knowledge base

Conventional NDT


Magnetic Particle Testing (MT) is used to detect surface and subsurface in Ferro-electric/magnetic materials such as iron, nickel, cobalt, and some of their alloys. The process inducts a magnetic field into the part. The piece can be magnetized by direct or indirect magnetization. Direct magnetization occurs when an electric current is passed through the test object and a magnetic field is formed in the material. Indirect magnetization occurs when no electric current is passed through the test object, but a magnetic field is applied from an outside source. The magnetic lines of force travel perpendicular to the direction of the electric current which may be either alternating current (AC) or some form of direct current (DC) (rectified AC).

The presence of a surface or subsurface discontinuity in the material creates magnetic flux leakage. Ferrous iron particles are applied to the part. The particles may be dry or in a wet suspension. If an area of flux leakage is present the particles will be attracted to this area. The particles will build up at the area of leakage and form what is known as an indication. The indication is then evaluated to determine what it is, what may have caused it, and what action should be taken if any.


  • Ferromagnetic materials
  • Surface and slightly subsurface flaws can be detected
  • Can be applied to welds, tubing, bars, castings, billets, forgings, extrusions, engine components, shafts and gears


  • Detection of flaws limited by field strength and direction
  • Needs clean and relatively smooth surface
  • Some holding fixtures required for some magnetizing techniques
  • Test piece may need demagnetization which can be difficult for some shapes and magnetizations
  • Depth of flaw not indicated.



In Radiography Testing (RT) the test-part is placed between the radiation source and film (or detector). The material density and thickness differences of the test-part will attenuate (i.e. reduce) the penetrating radiation through interaction processes involving scattering and/or absorption. The differences in absorption are then recorded on film(s) or through an electronic means. In industrial radiography there are several imaging methods available, techniques to display the final image, i.e. Film Radiography, Real Time Radiography (RTR), Computed Tomography (CT), Digital Radiography (DR) and Computed Radiography (CR).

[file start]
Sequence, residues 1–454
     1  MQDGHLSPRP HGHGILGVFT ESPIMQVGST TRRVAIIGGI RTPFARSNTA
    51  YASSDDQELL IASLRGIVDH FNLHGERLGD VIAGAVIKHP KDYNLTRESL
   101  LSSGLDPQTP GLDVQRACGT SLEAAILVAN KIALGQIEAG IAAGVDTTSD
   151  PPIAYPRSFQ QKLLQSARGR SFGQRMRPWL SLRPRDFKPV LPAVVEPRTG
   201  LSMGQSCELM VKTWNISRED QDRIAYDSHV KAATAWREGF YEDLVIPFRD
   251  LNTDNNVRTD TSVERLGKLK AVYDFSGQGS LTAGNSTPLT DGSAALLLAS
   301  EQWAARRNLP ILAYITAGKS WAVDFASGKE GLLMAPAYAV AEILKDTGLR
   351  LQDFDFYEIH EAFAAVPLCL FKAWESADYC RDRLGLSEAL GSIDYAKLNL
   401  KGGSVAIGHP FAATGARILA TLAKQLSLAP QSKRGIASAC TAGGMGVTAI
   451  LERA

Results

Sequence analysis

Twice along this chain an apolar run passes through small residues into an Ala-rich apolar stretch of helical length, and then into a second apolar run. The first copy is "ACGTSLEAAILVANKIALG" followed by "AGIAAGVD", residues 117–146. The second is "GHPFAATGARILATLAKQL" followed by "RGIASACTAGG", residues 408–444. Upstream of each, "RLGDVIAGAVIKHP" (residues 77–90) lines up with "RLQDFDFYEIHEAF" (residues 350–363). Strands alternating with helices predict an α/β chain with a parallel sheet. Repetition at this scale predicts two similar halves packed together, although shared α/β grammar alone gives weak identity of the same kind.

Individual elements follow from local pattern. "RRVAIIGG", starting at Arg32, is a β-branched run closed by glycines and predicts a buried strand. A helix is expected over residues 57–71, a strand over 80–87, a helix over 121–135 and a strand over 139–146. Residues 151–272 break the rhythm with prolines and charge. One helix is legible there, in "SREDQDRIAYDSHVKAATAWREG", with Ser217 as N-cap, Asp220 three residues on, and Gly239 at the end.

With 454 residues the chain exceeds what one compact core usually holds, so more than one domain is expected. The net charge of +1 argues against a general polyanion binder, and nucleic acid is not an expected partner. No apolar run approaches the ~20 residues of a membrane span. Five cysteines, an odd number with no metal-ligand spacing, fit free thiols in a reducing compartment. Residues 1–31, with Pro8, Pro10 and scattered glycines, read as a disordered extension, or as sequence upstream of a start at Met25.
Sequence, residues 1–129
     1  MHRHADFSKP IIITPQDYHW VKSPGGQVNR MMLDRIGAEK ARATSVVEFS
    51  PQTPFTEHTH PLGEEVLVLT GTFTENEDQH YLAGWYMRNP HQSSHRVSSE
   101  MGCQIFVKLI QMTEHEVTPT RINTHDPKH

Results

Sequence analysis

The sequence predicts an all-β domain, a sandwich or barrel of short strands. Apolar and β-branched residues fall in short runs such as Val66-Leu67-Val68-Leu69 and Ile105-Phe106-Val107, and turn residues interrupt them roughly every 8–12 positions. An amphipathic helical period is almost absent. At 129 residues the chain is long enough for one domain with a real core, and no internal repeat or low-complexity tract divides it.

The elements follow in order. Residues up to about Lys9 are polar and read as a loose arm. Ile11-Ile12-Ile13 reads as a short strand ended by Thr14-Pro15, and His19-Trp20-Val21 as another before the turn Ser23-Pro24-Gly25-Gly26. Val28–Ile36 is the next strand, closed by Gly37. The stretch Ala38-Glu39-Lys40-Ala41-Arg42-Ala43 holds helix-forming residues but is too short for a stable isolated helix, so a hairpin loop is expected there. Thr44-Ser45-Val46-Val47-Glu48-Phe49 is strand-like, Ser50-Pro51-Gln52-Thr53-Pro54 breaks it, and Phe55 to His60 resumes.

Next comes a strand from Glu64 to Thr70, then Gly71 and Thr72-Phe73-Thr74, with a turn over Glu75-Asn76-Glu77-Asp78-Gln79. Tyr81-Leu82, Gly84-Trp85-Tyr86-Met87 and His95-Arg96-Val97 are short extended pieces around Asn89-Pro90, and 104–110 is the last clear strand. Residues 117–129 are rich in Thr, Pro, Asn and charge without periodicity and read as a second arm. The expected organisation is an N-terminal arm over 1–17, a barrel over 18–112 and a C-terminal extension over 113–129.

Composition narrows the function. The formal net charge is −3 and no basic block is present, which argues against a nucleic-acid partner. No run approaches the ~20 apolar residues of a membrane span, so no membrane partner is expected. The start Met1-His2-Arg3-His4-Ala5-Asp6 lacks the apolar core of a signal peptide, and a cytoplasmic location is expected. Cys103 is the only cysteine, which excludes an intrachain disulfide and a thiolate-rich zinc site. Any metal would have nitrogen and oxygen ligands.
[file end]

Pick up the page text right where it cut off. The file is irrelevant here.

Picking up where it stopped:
Industrial radio-graphic methods are not unlike x-rays taken in a hospital. A piece of film is positioned beneath a suspected fracture, radiation directed through it exposes the film. The choice of radiation sources and strength depends on the material composition, size and thickness. The exposed radio-graphic film detects the radiation passing through the material and displays their intensity on the black and white film image.After processing the film it is reviewed to identify and locate any discontinuities or anomalies. The processed film provides a permanent inspection record.


Digital Radiography is one of the newest forms of x-ray imaging. Film is replaced by special phosphor screens or micro-electronic flat panel screens. Details can be easily increased and enhanced for expert interpretation. Digital Radiography files are easily shared and archived.


Computerized/Digital Radiography (CR) allows for onsite processing in remote locations. Less radiation is required to produce a higher quality image. Vingrity NDT Services provides our customers with latest in digital technology, a system provided by VMI (Virtual Media Integration). CR is a great method for profile radiography, whether it be for corrosion detection in piping or valves or looking for re-bar or post tension cabling in concrete. It is also getting noticed more and more by standards and codes in the industry for weld quality. CR also provides the customer with a digital image that is stored onto a disk witch provides easier storage and retrieval. So the days of rooms and rooms full of film are coming to an end and everything that you will need can just be a click away on your computer.

Radiography Neutron


  • Metals, non-metals, composites and mixed materials
  • Used on pyrotechnics, resins, plastics, organic material, honeycomb structures, radioactive material, high density materials, and materials containing hydrogen


  • Access for placing test piece between source and detectors
  • Size of neutron source housing is very large (reactors) for reasonable source strengths